COLUMBUS – Despite the spring-like temperatures April may bring to the Buckeye State, the Ohio Department of Natural Resources (ODNR) Division of Parks and Watercraft wants Ohioans to know that water temperatures in lakes and streams are still very cold, and even the best swimmers could experience complete exhaustion in just 15 minutes.
“Wearing a life jacket can save your life,” said Glen Cobb, chief of the ODNR Division of Parks and Watercraft. “Cold water can quickly rob you of muscle control, so it’s critical to wear your life jacket before an accident occurs.”
Nearly 90% of boating fatalities are due to drowning and nearly half of those are attributed to the effects of immersion in cold water. Water cooler than the normal body temperature of 98.6 degrees causes heat loss. Cold water will cool a body 25 times faster than cold air of the same temperature. Total immersion in cold water is very painful, and the disorientation it creates can quickly lead to panic.
Water temperatures are slower to respond to the change of seasons. Right now, Lake Erie’s water temperature is about 40 degrees, and water temperature in Ohio’s inland lakes and rivers can also remain frigid well into spring. If water temperature is less than 50 degrees, the window of opportunity for a rescue could be only a few minutes if the person is not dressed for cold water conditions. Information on how to dress for water temperature is available at watercraft.ohiodnr.gov/coldweatherboating.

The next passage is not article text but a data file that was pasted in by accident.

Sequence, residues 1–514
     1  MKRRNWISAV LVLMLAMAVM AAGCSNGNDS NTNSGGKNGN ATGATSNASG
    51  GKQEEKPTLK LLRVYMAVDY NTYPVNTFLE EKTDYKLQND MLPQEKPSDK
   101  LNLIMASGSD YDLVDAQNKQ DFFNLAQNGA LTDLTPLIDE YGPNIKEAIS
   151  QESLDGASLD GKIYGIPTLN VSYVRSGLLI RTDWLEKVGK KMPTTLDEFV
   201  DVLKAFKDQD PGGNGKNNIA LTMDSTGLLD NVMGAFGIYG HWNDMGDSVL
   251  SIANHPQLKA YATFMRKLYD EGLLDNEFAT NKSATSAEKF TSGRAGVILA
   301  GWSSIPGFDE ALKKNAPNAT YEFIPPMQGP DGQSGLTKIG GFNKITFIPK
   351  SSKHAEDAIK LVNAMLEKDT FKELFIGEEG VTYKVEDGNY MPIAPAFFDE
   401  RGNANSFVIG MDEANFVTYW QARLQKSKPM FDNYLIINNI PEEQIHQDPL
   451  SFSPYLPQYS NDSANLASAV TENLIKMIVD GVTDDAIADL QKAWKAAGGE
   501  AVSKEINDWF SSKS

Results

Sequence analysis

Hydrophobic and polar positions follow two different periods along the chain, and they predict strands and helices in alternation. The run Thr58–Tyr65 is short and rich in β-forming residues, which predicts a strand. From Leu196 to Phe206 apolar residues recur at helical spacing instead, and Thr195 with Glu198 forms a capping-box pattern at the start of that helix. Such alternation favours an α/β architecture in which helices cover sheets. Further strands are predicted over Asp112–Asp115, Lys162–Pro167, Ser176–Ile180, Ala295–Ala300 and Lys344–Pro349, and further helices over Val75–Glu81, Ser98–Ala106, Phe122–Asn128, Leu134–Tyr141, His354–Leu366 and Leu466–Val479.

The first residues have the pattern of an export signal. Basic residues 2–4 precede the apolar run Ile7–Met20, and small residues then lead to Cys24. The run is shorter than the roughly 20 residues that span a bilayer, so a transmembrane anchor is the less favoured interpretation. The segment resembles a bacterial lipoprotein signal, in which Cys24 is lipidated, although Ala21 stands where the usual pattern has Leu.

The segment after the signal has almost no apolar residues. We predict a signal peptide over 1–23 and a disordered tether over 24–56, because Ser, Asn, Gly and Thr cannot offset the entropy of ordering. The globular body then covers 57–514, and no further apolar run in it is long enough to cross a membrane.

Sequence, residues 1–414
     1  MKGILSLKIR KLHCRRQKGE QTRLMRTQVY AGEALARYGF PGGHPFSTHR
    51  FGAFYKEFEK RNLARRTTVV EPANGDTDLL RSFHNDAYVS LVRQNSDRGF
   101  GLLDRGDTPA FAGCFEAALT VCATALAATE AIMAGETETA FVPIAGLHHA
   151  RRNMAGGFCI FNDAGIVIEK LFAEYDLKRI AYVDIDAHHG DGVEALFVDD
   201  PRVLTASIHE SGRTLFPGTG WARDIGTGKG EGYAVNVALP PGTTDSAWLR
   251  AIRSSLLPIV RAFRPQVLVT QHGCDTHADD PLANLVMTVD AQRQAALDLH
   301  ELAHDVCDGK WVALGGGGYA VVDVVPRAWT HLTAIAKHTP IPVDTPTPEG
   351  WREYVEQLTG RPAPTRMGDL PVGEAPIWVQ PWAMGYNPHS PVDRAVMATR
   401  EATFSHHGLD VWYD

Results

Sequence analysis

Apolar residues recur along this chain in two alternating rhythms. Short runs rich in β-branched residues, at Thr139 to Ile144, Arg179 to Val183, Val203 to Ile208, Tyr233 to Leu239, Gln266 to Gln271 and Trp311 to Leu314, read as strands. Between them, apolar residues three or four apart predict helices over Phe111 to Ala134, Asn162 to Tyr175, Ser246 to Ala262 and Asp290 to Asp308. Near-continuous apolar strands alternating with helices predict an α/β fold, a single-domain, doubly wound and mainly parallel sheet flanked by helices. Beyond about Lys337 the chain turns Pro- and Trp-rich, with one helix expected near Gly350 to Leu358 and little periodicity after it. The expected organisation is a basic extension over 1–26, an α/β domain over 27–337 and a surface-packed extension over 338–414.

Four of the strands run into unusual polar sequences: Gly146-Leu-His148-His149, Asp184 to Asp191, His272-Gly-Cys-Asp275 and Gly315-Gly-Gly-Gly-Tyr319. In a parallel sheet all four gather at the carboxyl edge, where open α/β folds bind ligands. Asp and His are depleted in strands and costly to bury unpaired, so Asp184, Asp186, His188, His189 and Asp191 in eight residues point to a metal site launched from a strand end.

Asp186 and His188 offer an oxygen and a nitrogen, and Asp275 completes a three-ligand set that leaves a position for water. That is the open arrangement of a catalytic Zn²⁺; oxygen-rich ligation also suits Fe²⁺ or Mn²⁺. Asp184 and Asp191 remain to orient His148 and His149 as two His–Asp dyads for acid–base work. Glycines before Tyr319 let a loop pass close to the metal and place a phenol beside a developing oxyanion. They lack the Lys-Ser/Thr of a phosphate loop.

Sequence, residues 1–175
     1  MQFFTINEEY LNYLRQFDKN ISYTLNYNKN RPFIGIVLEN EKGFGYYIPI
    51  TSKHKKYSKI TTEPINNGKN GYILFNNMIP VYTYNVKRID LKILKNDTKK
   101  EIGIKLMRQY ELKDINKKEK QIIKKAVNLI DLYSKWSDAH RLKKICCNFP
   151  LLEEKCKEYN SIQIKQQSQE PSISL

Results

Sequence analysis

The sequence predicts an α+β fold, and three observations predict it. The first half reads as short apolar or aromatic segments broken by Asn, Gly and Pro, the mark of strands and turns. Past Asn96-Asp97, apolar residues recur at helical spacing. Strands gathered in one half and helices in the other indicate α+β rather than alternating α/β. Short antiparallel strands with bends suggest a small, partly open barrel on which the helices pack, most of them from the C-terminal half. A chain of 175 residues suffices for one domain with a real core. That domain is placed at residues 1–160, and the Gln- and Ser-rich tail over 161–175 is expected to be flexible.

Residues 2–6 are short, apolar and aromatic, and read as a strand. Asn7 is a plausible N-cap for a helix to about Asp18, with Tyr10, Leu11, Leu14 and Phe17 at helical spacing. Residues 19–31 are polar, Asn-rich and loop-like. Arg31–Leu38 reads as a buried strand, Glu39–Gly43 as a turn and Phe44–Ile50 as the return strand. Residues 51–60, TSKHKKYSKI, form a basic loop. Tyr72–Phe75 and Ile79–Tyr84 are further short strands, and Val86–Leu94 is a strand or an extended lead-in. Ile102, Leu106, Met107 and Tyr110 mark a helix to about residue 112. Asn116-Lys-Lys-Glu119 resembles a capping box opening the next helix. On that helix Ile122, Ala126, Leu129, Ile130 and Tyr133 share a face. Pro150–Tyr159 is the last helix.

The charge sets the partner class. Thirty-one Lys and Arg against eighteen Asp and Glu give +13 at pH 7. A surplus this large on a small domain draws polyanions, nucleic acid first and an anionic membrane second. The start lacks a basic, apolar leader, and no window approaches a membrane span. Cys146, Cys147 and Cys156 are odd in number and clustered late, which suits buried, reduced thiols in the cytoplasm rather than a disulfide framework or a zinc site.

A properly fitted life jacket will keep a person’s airway out of the water, which is most important as falling into cold water often triggers an uncontrollable gasping reflex. Heart rate and blood pressure increase dramatically, increasing the risk for cardiac arrest. The victim may hyperventilate and find it difficult to get air into the lungs. Wearing a life jacket while boating is as important as wearing a seat belt while driving.
Filing a float plan and making sure family and friends know where you are boating and when you are expected to return is also very important. A sample float plan boaters can use is available at watercraft.ohiodnr.gov/floatplan.
The ODNR Division of Parks and Watercraft is mandated by state law to provide boating safety education programs. The division accomplishes this mission by providing annual funding assistance to local communities and nonprofit organizations through a competitive grant program.